First, sub function’s syntax is

sub("matching_string","replacing_string", input_vector)

This function works like “find and replace”. Using this to remove unmatched part.

> sub(".*(bc).*","\\1",grep("bc",x,value=TRUE))
[1] "bc" "bc"

Remember .* means any character with any length and \\1 means the matched string in the first parenthesis. In this case, you see only “bc”, but if you use regular expression for pattern, you will see different kind of matches found in the string.

Remove Matched String

If you want to return indexes of unmatched string, add invert option.

> grep("bc",x,invert=TRUE)
[1] 3 4

Combining with value option, you can remove matched string from the vector

> grep("bc",x,invert=TRUE, value=TRUE)
[1] "cde" "def"

If the search is not case sensitive,

> grep("BC",x,ignore.case=TRUE)
[1] 1 2

If you want to get logical returns for matches,

> grepl("bc",x)
[1]  TRUE  TRUE FALSE FALSE

Manipulating String with Matched String Position

To get the first position of the matched pattern in the string, regexpr() is used.

>y<-"Waikiki"
>regexpr("ki",y)
[1] 4
attr(,"match.length")
[1] 2
attr(,"useBytes")
[1] TRUE

Since the first match occurs at 4th character in y, the first value returned is 4. If there is no match it will return -1.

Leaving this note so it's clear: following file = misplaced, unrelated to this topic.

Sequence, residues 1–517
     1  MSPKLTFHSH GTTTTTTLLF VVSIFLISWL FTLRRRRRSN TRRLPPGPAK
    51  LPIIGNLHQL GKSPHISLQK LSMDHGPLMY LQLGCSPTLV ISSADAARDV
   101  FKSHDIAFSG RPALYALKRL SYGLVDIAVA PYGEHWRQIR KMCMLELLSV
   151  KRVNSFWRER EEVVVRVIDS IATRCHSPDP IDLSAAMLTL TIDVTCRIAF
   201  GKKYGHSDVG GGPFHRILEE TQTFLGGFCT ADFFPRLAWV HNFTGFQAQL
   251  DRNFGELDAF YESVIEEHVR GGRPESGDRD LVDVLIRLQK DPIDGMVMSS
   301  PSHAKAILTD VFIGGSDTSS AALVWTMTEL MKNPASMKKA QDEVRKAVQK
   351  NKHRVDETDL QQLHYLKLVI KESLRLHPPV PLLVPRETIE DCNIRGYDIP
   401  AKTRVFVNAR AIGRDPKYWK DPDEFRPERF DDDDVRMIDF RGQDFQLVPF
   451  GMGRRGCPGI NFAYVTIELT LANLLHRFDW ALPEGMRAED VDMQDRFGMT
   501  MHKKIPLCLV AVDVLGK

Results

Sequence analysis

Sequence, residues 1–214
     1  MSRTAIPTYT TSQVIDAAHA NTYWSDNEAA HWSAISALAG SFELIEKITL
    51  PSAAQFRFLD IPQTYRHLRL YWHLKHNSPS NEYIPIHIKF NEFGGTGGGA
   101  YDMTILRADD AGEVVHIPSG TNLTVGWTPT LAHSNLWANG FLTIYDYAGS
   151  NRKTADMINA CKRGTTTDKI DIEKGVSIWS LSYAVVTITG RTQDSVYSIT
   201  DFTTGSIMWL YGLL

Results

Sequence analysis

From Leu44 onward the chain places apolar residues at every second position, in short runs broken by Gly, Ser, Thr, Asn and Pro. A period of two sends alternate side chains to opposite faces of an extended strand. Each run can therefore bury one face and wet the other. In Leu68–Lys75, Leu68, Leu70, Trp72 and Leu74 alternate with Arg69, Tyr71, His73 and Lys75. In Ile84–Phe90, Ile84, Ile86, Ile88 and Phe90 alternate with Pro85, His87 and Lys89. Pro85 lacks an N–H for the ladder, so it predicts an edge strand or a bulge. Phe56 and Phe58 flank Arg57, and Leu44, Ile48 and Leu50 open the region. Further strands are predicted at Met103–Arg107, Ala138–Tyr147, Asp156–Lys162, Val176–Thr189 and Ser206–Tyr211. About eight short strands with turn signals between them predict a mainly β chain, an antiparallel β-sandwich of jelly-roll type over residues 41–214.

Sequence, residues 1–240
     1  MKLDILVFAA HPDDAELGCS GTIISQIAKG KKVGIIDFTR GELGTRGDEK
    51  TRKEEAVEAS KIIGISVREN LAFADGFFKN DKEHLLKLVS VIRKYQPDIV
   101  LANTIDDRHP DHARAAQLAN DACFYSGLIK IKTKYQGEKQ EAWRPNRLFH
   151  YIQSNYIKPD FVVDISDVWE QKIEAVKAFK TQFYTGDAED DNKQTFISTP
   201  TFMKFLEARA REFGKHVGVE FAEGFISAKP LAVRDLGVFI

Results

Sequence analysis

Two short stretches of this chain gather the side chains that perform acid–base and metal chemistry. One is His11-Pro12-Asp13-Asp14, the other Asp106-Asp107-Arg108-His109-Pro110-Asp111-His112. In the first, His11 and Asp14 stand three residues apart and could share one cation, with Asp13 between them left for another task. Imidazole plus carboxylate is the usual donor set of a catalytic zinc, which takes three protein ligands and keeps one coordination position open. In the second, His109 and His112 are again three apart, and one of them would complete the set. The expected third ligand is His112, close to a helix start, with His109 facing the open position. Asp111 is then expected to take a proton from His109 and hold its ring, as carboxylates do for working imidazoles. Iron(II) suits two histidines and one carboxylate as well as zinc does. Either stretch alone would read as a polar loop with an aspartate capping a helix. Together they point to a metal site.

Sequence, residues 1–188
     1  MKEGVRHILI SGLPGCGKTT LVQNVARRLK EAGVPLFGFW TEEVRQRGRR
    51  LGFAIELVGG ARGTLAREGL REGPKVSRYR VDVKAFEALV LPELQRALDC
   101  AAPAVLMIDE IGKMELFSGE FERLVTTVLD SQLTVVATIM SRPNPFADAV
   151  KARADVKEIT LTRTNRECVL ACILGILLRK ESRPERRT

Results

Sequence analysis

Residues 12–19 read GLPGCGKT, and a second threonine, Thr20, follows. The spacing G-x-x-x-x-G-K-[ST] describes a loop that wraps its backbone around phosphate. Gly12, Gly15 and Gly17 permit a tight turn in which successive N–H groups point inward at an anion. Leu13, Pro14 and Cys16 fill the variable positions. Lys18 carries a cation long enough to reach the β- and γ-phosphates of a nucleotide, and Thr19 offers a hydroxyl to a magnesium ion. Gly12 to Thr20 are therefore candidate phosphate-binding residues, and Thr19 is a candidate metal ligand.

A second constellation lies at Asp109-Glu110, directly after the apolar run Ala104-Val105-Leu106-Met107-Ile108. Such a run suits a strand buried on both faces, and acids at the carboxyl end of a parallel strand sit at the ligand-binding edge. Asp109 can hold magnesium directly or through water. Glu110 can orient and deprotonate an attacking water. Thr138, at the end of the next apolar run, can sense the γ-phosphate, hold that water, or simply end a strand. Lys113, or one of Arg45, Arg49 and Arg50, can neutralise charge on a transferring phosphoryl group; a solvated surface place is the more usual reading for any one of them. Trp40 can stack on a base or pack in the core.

If you want to get this value only,

> regexpr("ki",y)[1]
[1] 4

You see that regexpr() returns two attributes “match.length” and “useBytes”. These value can be accessed by

> attr(regexpr("ki",y),"match.length")
[1] 2
> attr(regexpr("ki",y),"useBytes")
[1] TRUE

If you want to get positions for all matches, use gregexpr()

> gregexpr("ki",y)
[[1]]
[1] 4 6
attr(,"match.length")
[1] 2 2
attr(,"useBytes")
[1] TRUE

To show the only values of positions, you need to use length function. It is a bit awkward but can be done.

>z<-gregexpr("ki",y)
> z[[1]][1:length(z[[1]])]
[1] 4 6

regexec() command works very similarly to regexpr(), however if there is parenthesized matching conditions, it will show both matched string position and the position of parenthesized matched string.

> regexec("kik",y)
[[1]]
[1] 4
attr(,"match.length")
[1] 3
> regexec("k(ik)",y)
[[1]]
[1] 4 5
attr(,"match.length")
[1] 3 2